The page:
Canada Sports Visas

Individuals without Canadian citizenship or permanent residency will require a Temporary Resident Visa (TRP) or Electronic Travel Authorisation (eTA) in order to enter Canada for the purpose of participating in organised sport.

Depending on the nature of the sporting activity, you may also require a separate work permit.

It is important to ensure that you secure the right visa and, if appropriate, work permit before making plans to travel to Canada, as you can be refused entry at the Canadian border if you do not have the correct paperwork in place.

Visas and Work Permits

A Temporary Resident Visa (TRV) (sometimes called a Visitor Visa) authorises individuals who are not Canadian citizens and do not have any other form of permanent residency in Canada to enter the country on a time-limited basis.

To be eligible for a TRV, you will need to prove that:

  • you intend to leave Canada before your TRV expires
  • you have sufficient funds to support yourself and any family members while in Canada
  • you are not a risk to Canada’s security or public order

TRVs are usually issued for six months for tourists, but can be granted for longer periods of time for temporary foreign workers.

Individuals from certain countries may be able to obtain an Electronic Travel Authorisation (eTA) instead of a TRV. An eTA can be issued for up to five years, though usually with the caveat that no single visit lasts longer than six months.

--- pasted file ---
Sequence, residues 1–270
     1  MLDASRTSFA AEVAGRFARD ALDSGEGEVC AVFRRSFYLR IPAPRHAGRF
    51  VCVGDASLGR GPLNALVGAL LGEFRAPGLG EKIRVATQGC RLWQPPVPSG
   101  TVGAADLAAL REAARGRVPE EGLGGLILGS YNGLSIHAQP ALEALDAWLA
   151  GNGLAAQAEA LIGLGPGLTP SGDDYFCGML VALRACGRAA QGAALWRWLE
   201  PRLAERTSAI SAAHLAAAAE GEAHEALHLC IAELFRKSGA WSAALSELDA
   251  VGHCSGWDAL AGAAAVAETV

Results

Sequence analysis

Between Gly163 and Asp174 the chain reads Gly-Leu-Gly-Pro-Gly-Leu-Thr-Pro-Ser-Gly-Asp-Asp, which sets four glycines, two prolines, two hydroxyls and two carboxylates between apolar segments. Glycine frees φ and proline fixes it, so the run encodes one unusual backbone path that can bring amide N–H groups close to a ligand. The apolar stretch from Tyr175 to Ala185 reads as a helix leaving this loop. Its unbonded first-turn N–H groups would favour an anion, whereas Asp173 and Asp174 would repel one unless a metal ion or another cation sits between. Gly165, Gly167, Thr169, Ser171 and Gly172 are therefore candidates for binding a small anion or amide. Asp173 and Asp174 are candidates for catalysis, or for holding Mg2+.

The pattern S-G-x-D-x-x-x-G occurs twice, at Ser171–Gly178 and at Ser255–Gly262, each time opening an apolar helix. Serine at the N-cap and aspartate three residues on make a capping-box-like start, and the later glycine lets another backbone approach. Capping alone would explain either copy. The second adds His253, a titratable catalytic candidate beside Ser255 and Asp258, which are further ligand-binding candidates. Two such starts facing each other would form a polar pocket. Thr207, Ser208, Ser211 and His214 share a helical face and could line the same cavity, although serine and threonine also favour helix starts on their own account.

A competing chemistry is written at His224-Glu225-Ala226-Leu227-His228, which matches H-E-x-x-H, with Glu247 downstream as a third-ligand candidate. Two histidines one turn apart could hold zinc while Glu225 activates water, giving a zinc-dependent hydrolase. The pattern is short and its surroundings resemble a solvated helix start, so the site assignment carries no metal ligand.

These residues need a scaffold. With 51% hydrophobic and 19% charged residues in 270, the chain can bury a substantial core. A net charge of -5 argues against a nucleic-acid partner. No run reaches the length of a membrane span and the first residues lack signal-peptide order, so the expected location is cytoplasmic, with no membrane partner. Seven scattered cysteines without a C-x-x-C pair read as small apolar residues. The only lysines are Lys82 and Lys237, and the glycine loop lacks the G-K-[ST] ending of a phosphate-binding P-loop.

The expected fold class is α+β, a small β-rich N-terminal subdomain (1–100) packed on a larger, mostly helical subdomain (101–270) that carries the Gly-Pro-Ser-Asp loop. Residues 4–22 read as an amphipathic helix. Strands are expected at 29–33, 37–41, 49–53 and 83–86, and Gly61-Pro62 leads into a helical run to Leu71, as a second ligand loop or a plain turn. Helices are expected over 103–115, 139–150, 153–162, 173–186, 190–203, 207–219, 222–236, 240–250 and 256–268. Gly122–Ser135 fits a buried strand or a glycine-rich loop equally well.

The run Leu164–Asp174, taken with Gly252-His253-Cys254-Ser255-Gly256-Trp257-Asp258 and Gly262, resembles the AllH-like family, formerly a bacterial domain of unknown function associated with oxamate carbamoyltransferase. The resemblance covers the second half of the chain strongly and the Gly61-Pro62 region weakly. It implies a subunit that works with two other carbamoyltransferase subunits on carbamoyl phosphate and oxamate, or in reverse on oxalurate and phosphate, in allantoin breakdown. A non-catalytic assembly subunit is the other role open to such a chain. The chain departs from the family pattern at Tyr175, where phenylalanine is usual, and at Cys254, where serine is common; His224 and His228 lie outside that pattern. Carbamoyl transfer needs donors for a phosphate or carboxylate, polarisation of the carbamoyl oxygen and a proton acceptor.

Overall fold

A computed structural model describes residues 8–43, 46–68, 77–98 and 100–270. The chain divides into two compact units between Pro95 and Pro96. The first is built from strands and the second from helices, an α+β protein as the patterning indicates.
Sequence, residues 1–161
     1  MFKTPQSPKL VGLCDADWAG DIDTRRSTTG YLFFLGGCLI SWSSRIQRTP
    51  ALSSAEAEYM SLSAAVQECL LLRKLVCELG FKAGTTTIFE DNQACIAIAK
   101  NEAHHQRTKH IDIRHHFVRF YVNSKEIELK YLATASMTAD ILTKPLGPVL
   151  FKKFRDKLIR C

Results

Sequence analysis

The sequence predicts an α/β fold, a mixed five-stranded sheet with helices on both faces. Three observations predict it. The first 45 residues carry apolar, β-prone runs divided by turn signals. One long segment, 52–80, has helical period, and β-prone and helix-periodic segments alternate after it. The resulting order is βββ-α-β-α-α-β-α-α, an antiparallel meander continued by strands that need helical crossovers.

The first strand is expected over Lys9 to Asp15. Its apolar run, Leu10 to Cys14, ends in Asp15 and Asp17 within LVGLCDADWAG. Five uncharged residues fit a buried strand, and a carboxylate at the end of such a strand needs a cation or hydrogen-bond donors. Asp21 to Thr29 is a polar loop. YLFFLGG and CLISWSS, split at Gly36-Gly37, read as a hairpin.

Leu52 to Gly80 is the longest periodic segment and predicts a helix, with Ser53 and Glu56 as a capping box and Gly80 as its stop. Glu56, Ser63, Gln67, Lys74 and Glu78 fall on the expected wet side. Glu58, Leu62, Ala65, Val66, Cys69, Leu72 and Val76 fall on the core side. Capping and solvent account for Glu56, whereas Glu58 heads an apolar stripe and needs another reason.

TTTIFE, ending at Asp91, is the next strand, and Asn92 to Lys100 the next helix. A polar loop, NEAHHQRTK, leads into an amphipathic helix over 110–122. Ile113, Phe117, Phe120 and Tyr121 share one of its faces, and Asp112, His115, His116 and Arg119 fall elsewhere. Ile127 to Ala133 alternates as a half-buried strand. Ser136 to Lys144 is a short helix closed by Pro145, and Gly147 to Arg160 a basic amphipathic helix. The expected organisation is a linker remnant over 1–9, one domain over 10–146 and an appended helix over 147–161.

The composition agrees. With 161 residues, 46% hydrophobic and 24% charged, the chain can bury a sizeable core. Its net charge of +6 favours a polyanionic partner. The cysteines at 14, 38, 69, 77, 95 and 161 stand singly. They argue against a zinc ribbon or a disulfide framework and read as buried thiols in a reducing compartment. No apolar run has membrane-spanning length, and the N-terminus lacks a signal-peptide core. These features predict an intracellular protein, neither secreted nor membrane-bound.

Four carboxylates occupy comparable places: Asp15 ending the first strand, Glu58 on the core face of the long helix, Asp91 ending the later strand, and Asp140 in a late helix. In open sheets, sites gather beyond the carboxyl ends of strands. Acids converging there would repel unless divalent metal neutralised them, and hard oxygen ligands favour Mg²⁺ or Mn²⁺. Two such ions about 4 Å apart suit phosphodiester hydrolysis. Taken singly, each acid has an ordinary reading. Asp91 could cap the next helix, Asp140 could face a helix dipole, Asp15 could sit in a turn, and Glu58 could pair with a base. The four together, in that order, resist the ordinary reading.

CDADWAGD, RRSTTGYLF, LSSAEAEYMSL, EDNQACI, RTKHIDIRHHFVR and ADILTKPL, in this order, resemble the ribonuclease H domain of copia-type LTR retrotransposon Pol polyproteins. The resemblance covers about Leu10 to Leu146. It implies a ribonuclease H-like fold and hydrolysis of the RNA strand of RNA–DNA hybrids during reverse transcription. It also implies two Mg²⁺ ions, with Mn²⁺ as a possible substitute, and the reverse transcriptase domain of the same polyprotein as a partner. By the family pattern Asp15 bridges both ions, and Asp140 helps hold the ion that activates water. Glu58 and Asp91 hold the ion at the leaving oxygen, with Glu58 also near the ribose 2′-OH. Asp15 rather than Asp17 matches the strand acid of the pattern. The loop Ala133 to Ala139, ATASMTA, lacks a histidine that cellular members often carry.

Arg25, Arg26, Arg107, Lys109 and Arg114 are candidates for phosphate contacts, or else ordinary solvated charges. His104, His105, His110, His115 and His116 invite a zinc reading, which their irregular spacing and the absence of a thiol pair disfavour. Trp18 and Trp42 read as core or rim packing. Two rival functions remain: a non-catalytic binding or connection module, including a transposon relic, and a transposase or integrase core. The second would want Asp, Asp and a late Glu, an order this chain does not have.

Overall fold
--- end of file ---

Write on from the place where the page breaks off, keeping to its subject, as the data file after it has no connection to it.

Do I need a Visa and Work Permit to play sport in Canada?

Unless you hold Canadian citizenship or permanent residency, you will need either a Temporary Resident Visa (TRV) or an Electronic Travel Authorisation (eTA) to enter Canada. Whether you require a visa or eTA will depend on your nationality and other personal factors, including whether you have had a visa application denied previously.

If you intend to work as an athlete or in some other capacity for a Canadian sports team or other sporting organisation, you will need a work permit.

If you intend to work as an athlete or in some other capacity for a foreign sports organisation while in Canada—for example, in a competition or as part of an organised tour—you will usually not require a work permit.

If you intend to visit Canada as an amateur sportsperson—for example, to train or to participate in an amateur competition—you will usually not require a work permit.